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News Release


Foreign investment continues to drive Swedish retail market

Jones Lang LaSalle study finds 94% of retail transactions involved foreign investment.

Swedish retail property transactions reached 8.537 bn Swedish Krona (SEK) in the first half of 2011, compared to SEK 3.22 billion in H1 2010 – an increase of 165 percent, according to Jones Lang LaSalle’s latest Swedish Retail Market Survey.

Of these transactions, 94 percent involved an international vendor or purchaser, compared to 70% in 2010 and 30% in 2009. Shopping centres accounted for 79 percent of transactions and retail warehouse for 15%.

Håkan Pehrsson, head of Asset Management and Retail at Jones Lang LaSalle, commented:

“Investor demand has been driven by Sweden’s strong GDP and growth in consumption, the increased availability of debt finance and high quality property stock. However, demand is weaker for secondary and tertiary retail property investments. After a sharp rise in yields during 2008 and 2009 prime retail yields have fallen from 6.5 percent in mid-2009 to 5.5 percent in 2011. Our current forecast is that prime retail yields will remain relatively stable over the next few years, not only due to occasional economic volatility likely to restrict downward yield movement, but also pressure to increase interest rates when there is economic growth. In order to preserve or increase the value of investments the ability to increase rents will therefore be crucial, and this will only be achieved by active asset management, including refurbishment and well-designed extensions.”

Sweden has emerged strongly from the global economic downturn with GDP growth in 2010 at 5.7 percent, compared to the EU average of 1.8 percent buoyed by low interest rates and strong public finances. Whilst consumers continue to be cautious in light of wider macroeconomic issues, disposable income is forecast to continue to rise in real terms by 2.1 percent in 2011, and total retail sales are forecast to grow by 1.5 percent by the end of the year. The retail market continues to be dominated by a small number of large chains, but a number of new international retailers have opened in prime locations in Sweden’s largest cities throughout 2010 and 2011.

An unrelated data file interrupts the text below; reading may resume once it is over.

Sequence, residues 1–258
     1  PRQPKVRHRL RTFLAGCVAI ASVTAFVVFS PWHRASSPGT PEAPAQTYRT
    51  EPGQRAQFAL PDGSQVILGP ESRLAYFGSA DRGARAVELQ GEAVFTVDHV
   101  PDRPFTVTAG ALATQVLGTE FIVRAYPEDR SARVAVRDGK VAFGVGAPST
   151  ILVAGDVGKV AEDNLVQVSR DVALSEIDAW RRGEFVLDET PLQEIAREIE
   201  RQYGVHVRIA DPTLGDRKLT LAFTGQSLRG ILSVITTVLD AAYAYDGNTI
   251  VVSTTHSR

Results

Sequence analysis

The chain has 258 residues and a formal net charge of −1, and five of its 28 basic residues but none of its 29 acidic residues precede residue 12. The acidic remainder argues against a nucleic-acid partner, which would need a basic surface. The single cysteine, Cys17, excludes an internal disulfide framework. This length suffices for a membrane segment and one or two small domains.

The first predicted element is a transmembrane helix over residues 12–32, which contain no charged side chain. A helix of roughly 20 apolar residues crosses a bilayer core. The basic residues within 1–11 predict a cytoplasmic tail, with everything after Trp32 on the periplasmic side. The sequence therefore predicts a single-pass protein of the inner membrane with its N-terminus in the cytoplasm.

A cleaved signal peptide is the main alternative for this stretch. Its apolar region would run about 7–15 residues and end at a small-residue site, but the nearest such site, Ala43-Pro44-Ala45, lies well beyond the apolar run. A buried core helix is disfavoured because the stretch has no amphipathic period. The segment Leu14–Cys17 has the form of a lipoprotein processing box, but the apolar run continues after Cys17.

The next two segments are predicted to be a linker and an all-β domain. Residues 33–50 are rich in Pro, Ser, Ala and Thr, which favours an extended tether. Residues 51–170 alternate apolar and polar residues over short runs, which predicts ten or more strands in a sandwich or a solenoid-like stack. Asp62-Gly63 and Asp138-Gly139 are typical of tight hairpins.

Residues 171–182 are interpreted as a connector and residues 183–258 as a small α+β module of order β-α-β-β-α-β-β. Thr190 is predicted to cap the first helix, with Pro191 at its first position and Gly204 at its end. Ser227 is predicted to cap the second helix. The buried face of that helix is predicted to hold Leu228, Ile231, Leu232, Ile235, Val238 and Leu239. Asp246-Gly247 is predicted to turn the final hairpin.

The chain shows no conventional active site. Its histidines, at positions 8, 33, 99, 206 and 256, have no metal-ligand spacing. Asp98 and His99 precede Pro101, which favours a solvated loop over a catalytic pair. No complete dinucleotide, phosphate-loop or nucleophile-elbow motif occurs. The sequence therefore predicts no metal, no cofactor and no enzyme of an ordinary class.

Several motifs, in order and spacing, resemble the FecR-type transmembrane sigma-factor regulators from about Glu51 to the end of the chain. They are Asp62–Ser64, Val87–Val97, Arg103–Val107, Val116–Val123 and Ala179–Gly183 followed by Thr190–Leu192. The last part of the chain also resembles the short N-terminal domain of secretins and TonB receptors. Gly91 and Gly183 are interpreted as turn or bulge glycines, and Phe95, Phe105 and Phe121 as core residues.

Håkan Pehrsson, continued:

“Sweden has traditionally been dominated by domestic brands, however in recent years dynamic new names have entered the market. Spanish retailer Desigual has opened several stores and Hollister will open its second store in Stockholm by the end of the year, having only arrived in Sweden in summer 2011. There is also increasing interest from a number of new international luxury retail brands.”

In terms of supply, shopping centres continue to dominate the market. 2008 through to 2010 saw over 100,000 sq m of new space constructed per year, although this is thought to have slowed in 2011, which has been characterised by extensions to existing centres rather than new openings. The shopping centre pipeline for the period 2011 to 2014 in Sweden’s three major cities is relatively low with a forecasted increase of 4 percent in Stockholm and 11 percent for Gotthenburg.

Fredrik Tellefsen, head of Retail Development and Leasing, at Jones Lang LaSalle, concluded:

“Sweden was one of the pioneering countries for shopping centres in Europe, and the amount of shopping centre floorspace per capita is above the European average due to less developed high street and retail warehouse provision. However, in order to retain and develop its value, retail property stock needs to evolve to reflect current lifestyles, socio-economic conditions and increasing competition from online sales.”

Since 2009, retail transaction volumes have grown strongly, with prime retail property generating the greatest demand. Prime rents have risen in central Stockholm to around €2,000 sq m. Whilst modest compared to the €8,000 sq m. demanded on London’s prime shopping streets, the increase has been well above the rate of inflation. This contrasts with secondary retail rents which in some cases have failed to keep pace with inflation. However, the rate of growth in supply has outpaced the growth in retail sales, leading to average turnover per square metre decreasing.